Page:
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 Post subject: ISO Advice
PostPosted: Wed Jun 22, 2011 4:26 pm 
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Joined: Wed Jun 22, 2011 3:53 am
Posts: 48
Hello,

I'm new to the SLR world. I've been pouring over reviews, tips and lessons. But the one thing I can't find much advice on is ISO. I know it is a sensitivity setting but I can't seem to find many tips/advice on it other then pics get really grainy at really high ISO numbers and poor lighting.

Could someone please post some basic tips on pro's and cons of high or low ISO settings? Situations where you want a low ISO and situations where you want a higher one?

Baring this a link to a great tutorial of ISO would be just as welcome!

Thanks in advance!

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EF-S 15 - 85 IS USM
EF 70 - 300 IS
EF 50 1.4
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 Post subject:
PostPosted: Wed Jun 22, 2011 4:45 pm 
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Joined: Sun May 25, 2008 12:48 pm
Posts: 8051
Location: UK
If you need the best quality, set a low value and make sure both the camera and subject stay still long enough, and/or throw enough light at it. In the real world, set the ISO as needed for balancing the other options. There is no right value. A low ISO for better quality is no use for example if everything is out of focus or blurry due to motion.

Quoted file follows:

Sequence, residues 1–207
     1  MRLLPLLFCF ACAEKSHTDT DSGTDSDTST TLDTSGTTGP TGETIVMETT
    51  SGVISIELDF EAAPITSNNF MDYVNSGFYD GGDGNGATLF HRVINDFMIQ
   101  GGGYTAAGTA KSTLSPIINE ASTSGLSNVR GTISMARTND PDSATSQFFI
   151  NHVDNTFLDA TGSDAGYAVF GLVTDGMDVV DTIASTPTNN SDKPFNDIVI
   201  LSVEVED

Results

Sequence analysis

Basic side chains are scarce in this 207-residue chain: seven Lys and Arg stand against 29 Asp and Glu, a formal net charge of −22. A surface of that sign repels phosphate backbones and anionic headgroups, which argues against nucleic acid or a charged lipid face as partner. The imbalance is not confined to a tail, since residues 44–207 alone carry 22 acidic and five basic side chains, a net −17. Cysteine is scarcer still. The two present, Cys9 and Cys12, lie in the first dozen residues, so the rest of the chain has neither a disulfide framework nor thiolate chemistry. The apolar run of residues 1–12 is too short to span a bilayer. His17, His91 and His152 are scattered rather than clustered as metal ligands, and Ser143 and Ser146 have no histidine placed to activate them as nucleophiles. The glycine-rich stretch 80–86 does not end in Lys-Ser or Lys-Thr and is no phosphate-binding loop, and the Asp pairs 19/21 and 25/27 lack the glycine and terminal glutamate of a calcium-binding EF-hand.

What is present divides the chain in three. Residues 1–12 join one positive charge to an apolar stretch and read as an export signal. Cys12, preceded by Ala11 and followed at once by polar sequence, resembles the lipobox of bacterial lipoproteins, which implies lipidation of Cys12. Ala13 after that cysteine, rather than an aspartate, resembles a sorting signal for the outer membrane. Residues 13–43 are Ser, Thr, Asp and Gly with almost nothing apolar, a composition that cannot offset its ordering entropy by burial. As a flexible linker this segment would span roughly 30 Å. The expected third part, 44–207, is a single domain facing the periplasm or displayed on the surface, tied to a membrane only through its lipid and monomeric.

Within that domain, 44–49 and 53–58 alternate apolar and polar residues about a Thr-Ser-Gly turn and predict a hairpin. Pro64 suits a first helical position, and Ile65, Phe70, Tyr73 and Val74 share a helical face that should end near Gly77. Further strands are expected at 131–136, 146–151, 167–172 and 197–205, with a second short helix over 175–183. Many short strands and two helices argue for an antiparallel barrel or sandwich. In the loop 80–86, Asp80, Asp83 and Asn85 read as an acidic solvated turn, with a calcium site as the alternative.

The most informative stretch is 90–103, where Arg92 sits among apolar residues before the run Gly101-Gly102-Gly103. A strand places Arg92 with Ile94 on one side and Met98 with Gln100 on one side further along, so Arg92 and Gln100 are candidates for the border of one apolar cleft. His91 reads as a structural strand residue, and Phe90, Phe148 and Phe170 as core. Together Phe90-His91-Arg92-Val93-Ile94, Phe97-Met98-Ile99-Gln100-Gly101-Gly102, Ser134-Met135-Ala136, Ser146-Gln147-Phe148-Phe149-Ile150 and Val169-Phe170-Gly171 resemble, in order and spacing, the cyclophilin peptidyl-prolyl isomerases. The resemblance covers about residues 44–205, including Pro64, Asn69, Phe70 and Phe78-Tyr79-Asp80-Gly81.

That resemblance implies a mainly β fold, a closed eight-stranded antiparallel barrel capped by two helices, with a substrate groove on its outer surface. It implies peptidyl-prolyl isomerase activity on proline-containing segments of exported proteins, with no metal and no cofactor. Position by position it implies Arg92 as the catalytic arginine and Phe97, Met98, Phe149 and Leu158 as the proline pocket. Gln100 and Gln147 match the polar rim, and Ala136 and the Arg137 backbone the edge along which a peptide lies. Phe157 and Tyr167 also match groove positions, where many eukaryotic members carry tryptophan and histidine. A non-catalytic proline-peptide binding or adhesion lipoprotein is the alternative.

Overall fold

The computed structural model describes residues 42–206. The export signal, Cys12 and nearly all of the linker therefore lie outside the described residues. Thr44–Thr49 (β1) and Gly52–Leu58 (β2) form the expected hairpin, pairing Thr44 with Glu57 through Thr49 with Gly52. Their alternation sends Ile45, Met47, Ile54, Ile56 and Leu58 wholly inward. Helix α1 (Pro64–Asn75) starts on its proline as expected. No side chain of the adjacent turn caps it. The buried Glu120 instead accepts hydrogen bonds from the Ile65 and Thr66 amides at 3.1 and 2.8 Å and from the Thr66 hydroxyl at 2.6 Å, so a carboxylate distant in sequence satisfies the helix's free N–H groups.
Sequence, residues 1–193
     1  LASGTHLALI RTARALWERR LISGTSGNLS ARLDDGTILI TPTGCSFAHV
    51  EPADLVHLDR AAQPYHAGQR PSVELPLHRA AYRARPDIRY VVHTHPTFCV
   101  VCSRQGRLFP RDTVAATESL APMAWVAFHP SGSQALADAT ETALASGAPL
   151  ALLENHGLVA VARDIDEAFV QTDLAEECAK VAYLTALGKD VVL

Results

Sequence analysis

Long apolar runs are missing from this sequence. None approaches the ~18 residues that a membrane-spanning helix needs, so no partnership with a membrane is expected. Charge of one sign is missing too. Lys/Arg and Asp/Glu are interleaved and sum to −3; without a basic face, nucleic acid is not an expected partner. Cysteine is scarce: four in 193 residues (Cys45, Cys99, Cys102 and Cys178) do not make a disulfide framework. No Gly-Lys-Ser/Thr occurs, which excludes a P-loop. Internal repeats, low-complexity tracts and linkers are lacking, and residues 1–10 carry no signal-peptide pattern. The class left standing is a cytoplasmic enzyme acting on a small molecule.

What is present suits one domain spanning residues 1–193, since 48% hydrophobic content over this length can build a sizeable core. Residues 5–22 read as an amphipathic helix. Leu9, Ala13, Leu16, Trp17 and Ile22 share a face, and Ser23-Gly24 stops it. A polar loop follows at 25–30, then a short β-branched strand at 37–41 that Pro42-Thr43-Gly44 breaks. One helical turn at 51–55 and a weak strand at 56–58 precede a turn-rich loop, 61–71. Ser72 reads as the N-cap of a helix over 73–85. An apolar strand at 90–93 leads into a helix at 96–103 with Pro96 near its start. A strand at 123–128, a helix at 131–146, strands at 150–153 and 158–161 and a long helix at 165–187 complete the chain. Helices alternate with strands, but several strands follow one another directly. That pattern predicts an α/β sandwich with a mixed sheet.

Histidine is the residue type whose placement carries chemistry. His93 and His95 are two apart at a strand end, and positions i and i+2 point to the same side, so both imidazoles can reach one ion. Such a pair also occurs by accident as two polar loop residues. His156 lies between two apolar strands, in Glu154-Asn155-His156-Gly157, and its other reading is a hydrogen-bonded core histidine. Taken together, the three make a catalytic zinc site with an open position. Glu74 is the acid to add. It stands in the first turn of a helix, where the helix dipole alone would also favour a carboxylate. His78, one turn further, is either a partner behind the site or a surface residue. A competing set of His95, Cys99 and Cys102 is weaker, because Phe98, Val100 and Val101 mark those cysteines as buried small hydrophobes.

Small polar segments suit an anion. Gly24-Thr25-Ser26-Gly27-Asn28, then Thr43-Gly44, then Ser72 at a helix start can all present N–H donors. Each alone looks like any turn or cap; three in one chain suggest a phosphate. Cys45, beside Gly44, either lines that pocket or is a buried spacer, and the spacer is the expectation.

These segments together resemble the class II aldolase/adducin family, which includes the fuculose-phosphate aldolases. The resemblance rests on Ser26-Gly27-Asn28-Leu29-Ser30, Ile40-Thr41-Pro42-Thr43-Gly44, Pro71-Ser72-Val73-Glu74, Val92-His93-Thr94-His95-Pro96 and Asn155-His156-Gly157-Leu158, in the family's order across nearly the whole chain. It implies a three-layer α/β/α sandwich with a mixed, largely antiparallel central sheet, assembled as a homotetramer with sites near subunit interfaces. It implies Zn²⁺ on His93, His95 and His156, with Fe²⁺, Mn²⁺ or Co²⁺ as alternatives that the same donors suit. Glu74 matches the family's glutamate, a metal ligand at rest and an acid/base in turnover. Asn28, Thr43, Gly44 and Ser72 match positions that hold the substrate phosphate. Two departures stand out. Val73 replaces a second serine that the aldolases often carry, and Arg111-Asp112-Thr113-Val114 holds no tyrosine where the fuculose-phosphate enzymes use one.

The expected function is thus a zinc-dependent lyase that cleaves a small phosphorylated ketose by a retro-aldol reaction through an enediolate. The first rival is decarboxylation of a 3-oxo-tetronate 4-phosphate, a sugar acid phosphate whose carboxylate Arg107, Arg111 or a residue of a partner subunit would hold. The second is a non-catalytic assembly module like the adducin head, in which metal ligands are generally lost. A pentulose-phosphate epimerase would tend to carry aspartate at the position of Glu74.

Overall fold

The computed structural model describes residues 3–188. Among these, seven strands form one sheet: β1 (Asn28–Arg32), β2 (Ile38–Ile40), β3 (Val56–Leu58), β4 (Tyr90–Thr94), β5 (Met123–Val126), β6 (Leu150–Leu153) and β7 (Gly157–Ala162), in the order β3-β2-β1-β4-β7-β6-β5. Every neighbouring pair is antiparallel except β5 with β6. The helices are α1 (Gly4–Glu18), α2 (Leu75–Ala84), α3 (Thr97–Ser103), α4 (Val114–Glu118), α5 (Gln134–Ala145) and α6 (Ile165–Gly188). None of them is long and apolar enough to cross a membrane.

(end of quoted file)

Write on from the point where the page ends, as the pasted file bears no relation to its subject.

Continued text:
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Canon DSLRs: 7D2, 7D1, 5D2, 1D, 600D, 450D full spectrum, 300D IR mod
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 Post subject:
PostPosted: Wed Jun 22, 2011 5:01 pm 
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Joined: Wed Jun 22, 2011 3:53 am
Posts: 48
Thanks for the advice Popo. Here's a scenario. On a sunny day if I was shooting stills I would worry about my f number and shutter speed and keep my ISO around 100 - 200? If on the same sunny day I was shooting action shots I would again worry mostly about my shutter speed and f number but raise my ISO a touch to help reduce bluring?

Thanks!

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Canon 60D
EF-S 15 - 85 IS USM
EF 70 - 300 IS
EF 50 1.4
EF 100 - 400L


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 Post subject:
PostPosted: Wed Jun 22, 2011 5:14 pm 
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Joined: Wed Nov 18, 2009 5:23 pm
Posts: 828
Location: Boca Raton, FL, USA